Dr. George Washington Hickman and his wife Lucy Ann Haws Hickman
Picture was provided by Lynn Richardson of Benjamin, Utah
by Zina Hickman
Dr. George W. Hickman was one of the first doctors to settle in Utah county. He was born March 12, 1825, in Randolph County, Miss., of Edwin Temple Hickman and Elizabeth Adams. His early education was had by tutoring by his parents who were fairly well educated, and in public schools. Later he attended Oberlin College, Ohio, from which institution he obtained his medical degree.
Armed with his certificate to practice medicine, young Doctor Hickman set out for the far reaches of California, but he was destined never to reach that state, for Johnston's army was at that time also headed westward, and the two met just outside the state. The young doctor was suspected of being a Mormon spy and was taken into custody. He was rescued by his brother, W. A. Hickman, a Mormon scout who discovered his plight, brought him into Utah and converted him to the church. He thereafter remained in Utah a faithful Latter-day Saint for the remainder of his life.
Dr. Hickman settled in Utah County where he met and married Lucy Ann Hawes, The ceremony was solemnized on Christmas Day, 1858, at Salem and the young couple settled on a pre-empted ranch in the vicinity <p.211> of Payson, the locality now known as Benjamin. Here Dr. Hickman began his practice of medicine.over a territory covering a radius of fifty miles. At that time there was only one other doctor of medicine in Utah county. This was Dr. Pyke, father of the well-known Utah author, Annie Pyke Greenwood, who settled in Provo. The two doctors were not rivals as each had all he could do within his own territory.
However, Dr. Hickman did not continue the practice of medicine as a full time profession for long. A conference with President Brigham Young gave him to understand that the people needed to exercise their faith in healings by the priesthood instead of running to the doctor for every ailment. The following taken from the journal of Josephine Hickman Finlayson, eldest daughter of the doctor, relates the situation:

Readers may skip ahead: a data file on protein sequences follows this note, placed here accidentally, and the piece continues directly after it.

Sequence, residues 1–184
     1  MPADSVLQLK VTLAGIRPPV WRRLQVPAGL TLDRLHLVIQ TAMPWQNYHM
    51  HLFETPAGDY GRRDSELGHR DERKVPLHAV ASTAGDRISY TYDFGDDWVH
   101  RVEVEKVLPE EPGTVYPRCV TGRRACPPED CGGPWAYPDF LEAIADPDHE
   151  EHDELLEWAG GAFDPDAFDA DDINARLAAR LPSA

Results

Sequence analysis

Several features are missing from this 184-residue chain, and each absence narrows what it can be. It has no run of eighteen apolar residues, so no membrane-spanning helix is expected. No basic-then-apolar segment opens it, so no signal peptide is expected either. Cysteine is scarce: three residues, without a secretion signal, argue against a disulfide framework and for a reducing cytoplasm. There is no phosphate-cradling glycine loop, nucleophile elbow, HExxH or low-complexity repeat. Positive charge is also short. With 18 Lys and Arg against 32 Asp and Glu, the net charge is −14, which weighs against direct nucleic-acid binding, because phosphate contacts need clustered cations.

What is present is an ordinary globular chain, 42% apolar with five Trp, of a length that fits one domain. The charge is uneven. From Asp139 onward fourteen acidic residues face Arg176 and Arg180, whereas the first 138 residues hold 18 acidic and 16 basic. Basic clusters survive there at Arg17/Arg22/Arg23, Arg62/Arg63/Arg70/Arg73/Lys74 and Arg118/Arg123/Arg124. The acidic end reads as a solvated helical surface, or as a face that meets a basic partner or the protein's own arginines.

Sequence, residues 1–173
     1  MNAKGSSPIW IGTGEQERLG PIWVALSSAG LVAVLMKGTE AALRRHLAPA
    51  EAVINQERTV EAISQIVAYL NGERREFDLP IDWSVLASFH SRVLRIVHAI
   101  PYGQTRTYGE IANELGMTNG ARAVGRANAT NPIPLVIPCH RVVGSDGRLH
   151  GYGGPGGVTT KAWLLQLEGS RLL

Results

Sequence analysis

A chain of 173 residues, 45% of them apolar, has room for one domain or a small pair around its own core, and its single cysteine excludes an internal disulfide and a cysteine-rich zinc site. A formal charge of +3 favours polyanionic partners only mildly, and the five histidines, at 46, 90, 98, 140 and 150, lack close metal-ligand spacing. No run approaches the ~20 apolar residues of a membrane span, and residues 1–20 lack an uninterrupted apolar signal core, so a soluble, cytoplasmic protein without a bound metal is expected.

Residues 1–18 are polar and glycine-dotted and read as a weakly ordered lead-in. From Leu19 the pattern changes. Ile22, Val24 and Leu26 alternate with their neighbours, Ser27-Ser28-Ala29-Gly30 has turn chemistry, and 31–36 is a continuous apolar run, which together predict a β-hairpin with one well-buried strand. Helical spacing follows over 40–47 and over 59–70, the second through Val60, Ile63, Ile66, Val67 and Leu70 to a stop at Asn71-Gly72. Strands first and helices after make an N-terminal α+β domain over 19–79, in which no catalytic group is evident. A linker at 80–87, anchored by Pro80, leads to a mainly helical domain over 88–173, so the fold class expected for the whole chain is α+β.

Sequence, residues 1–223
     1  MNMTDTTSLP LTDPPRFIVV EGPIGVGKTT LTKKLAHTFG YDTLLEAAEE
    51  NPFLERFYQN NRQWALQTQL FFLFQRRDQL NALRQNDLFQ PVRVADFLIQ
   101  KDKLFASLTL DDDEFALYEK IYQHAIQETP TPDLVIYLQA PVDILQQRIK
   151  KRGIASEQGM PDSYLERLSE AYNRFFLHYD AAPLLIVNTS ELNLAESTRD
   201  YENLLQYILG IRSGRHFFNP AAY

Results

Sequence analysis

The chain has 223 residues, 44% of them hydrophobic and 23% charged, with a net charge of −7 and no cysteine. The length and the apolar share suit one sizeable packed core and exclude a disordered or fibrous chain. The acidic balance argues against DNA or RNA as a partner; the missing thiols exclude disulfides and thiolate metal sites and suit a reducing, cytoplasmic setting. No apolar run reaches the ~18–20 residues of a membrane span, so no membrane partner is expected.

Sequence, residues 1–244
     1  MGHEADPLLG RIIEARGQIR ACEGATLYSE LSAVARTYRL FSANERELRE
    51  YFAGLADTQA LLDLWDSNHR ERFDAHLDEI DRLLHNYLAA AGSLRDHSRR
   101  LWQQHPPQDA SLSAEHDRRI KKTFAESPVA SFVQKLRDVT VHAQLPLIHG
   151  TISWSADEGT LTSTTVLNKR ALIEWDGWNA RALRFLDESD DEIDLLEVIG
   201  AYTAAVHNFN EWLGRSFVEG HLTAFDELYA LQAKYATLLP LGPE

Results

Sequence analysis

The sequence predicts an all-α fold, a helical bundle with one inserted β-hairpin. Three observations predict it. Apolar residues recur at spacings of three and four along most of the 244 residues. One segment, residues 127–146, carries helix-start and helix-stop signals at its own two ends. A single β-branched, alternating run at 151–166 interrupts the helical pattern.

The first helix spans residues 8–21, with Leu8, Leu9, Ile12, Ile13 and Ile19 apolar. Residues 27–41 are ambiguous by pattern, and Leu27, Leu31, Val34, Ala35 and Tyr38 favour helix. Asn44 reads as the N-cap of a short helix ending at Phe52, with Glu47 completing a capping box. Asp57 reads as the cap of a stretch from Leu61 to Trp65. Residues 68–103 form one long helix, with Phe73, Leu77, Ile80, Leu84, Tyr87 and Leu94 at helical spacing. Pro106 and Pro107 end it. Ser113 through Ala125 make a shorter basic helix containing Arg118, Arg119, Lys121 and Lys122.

"President Young counseled father not to practice medicine because he wanted to teach the people faith and dependence upon God, 'for by their faith they should be healed.' This was a stunning blow to a young man who had spent years in preparation for a profession suddenly to have his staff knocked from under him. No one was ever less fitted for the role of frontiersman and rancher than he. He knew nothing of the agricultural life which was the only one to choose. Gradually, however, he was drawn back into giving medical service but he seldom charged a fee, and when he did, he often allowed the people to set the price and time of payment which seldom came. Let me here state, my father never regretted joining the L.D.S. church, and ever rejoiced in its glorious principles and its divinely inspired leaders."
This same daughter often accompanied her father, in the absence of nurses, to assist with broken bones and other emergencies. One emergency which drew the doctor back into practice was an epidemic of diphtheria which struck at almost every family in the vicinity. Dr. Hickman always enlisted the prayers of the elders along with his skill and the contents of his little black bag. Copper-sulphate (blue-vitriol) was his old stand-by for swabbing throats and noses. He always said it was the power of the Lord that saved the people, he was only an instrument in His hands.
Dr. Hickman's family remember well many of their father's treatments for various illnesses, also the fact that he always made his own splints for broken bones. Podophyllin, a bitter purgative resin extracted from the May Apple root stock, was a popular laxative of the time. Blood-letting was also indulged in by the physicians of that day when a tourniquet was fastened around the arm and a quantity of blood drawn off. Dr. Hickman recognized that the pressure of the blood, in some cases was too high, and relieved this abnormalcy by drawing off blood.
It is most interesting to note from Mrs. Finlayson's diary the great versitality of her mother in supplementing the family income during all the years when her husband obeyed council not to practice his profession.
She it was who directed the farming, with her sons to do the work. She made cheese, built her own chicken coops, made buckskin gloves which she sold, and which were in great demand, made straw hats, wove and spun her own cloth, as well as engaged in the many other activities of pioneer women of that time. She was indeed left desolate by the death of Doctor Hickman, who died of pneumonia, Nov. 24, 1893.
--Kate B. Carter, ed., Heart Throbs of the West, Daughters
of Utah Pioneers, 1946, Vol. 7, pp. 210-211
To learn more about George W. Hickman and his family, click here or here. To learn more about his activities in the Utah War, click here. To return to the Hickman Family index page, click here.